November 15, 2017
Our judiciary and our elected officials are getting old. Five of the nine Supreme Court Justices are 67 or older, with two over age 80. The President is 71, the Senate Majority Leader is 75, and the House Minority Leader is 77. Does the public have a right to know whether these officials have been screened for dementia? If the individuals don’t self-report their dementia status, should experts continue to adhere to the “Goldwater Rule” and refrain from offering an armchair diagnosis? As the nation reflects on its midterm elections, and prepares for the 2020 election cycle, these questions are timely and challenging.
Rebecca Brendel, JD, MD, Assistant Professor of Psychiatry, Harvard Medical School; Director, Master’s in Bioethics Program, Center for Bioethics, Harvard Medical School; Director of Law & Ethics, Center for Law, Brain & Behavior, Massachusetts General Hospital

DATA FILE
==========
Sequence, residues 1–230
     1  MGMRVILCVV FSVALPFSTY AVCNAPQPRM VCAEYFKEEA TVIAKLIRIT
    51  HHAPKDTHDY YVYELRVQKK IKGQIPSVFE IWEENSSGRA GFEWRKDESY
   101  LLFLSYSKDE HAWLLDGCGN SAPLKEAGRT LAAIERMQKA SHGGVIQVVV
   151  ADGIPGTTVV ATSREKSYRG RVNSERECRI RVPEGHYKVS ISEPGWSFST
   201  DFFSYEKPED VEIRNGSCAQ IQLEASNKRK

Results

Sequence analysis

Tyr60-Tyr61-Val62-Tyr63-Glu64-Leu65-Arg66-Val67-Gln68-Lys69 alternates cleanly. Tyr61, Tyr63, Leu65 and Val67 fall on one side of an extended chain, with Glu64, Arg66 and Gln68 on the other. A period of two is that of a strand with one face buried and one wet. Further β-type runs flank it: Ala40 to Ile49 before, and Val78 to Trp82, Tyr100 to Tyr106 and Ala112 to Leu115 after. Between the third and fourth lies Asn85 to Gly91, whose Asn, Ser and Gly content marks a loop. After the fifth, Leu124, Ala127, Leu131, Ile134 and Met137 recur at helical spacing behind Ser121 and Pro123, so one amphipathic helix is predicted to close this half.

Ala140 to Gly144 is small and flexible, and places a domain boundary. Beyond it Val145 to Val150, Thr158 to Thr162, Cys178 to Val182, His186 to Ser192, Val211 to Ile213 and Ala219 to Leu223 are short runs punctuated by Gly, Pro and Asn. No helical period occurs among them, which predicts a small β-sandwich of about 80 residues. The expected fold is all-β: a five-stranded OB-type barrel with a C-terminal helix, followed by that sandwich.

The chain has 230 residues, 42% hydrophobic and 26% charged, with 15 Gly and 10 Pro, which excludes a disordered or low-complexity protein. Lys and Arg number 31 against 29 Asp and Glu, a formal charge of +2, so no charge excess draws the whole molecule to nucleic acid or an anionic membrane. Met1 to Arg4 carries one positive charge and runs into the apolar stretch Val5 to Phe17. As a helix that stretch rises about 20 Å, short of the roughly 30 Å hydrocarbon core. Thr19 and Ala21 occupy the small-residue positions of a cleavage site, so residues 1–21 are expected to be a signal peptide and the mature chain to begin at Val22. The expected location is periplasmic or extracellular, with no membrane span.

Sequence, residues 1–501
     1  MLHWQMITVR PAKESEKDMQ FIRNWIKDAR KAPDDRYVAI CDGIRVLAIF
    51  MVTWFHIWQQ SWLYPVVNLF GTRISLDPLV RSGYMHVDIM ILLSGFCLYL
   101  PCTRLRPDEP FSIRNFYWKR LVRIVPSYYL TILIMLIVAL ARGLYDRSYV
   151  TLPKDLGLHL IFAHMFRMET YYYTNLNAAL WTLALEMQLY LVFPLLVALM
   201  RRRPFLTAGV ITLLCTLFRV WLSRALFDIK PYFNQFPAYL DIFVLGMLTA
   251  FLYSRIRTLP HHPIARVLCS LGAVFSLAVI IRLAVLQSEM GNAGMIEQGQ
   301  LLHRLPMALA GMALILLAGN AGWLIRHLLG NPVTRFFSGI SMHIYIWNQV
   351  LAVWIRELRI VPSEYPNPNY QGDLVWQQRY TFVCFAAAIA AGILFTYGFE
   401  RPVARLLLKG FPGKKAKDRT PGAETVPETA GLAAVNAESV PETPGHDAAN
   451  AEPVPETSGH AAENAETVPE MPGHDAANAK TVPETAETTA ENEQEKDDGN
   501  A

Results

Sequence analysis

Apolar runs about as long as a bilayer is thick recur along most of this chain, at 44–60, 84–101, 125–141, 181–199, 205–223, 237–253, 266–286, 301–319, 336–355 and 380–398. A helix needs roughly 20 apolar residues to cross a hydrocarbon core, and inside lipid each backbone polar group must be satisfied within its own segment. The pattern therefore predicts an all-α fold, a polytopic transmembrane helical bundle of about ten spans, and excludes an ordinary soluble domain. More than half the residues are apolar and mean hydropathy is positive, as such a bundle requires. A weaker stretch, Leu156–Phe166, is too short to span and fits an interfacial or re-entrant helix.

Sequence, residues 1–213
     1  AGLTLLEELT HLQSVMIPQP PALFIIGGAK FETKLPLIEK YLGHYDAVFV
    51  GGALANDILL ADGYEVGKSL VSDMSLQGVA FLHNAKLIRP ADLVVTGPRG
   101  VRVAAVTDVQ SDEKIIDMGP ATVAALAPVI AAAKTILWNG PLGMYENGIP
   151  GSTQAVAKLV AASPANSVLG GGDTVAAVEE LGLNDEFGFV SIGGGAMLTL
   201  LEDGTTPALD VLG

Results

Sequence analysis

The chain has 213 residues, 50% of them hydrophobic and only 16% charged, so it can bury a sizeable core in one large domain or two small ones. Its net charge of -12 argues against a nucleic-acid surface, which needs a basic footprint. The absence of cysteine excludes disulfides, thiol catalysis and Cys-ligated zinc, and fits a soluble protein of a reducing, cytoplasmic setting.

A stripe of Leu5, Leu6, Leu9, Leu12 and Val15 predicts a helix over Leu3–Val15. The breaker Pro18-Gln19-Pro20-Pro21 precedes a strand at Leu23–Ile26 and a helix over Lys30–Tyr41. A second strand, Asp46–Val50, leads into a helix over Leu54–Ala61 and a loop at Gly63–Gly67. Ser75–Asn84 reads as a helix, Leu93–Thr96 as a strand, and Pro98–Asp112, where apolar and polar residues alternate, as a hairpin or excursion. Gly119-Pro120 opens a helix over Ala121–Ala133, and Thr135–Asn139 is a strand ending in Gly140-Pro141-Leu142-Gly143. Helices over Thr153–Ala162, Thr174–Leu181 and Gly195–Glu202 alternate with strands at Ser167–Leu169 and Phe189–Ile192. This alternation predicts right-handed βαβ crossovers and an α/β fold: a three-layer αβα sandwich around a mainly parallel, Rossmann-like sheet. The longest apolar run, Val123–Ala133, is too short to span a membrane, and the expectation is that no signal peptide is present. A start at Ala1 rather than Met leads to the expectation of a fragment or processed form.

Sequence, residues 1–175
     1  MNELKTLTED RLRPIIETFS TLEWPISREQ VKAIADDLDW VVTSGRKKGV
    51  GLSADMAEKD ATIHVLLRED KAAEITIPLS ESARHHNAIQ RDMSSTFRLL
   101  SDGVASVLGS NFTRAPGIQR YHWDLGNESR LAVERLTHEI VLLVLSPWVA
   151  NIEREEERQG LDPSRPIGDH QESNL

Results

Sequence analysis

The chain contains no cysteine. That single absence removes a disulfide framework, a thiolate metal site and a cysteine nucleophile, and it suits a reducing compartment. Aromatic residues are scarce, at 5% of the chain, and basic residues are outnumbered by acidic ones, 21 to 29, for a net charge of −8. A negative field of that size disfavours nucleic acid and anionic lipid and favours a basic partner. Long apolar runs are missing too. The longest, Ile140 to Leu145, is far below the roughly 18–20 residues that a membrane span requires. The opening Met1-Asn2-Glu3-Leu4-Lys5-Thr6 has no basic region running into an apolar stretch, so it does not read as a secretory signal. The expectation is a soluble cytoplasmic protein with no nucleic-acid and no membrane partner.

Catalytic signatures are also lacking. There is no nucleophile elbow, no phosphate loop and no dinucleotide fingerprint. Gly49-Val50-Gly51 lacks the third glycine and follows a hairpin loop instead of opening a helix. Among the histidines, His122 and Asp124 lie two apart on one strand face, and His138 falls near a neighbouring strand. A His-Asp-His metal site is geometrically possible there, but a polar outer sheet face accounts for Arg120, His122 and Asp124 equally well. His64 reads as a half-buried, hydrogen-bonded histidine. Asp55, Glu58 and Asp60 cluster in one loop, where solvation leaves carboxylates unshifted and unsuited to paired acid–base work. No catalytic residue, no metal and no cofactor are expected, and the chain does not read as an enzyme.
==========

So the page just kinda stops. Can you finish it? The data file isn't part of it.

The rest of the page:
Bruce Price, MD, Chief, Department of Neurology at McLean Hospital; Associate in Neurology, Massachusetts General Hospital; Associate Professor of Neurology, Harvard Medical School; Co-Founder and Co-Director of the Center for Law, Brain & Behavior, Massachusetts General Hospital
Francis X. Shen, PhD, JD, Senior Fellow in Law and Applied Neuroscience, the Petrie-Flom Center in Health Law Policy, Biotechnology, and Bioethics at Harvard Law School and the Center for Law, Brain & Behavior at Massachusetts General Hospital; Associate Professor of Law and McKnight Land-Grant Professor, University of Minnesota Law School; Executive Director of Education and Outreach, the MacArthur Foundation Research Network on Law and Neuroscience
Moderator: Judith Edersheim, Co-Founder and Co-Director, Center for Law, Brain & Behavior at Massachusetts General Hospital; Assistant Professor of Psychiatry, Harvard Medical School; attending Psychiatrist, Department of Psychiatry, Massachusetts General Hospital
For more information, visit our website at petrieflom.law.harvard.edu/events/details/dementia-and-democracy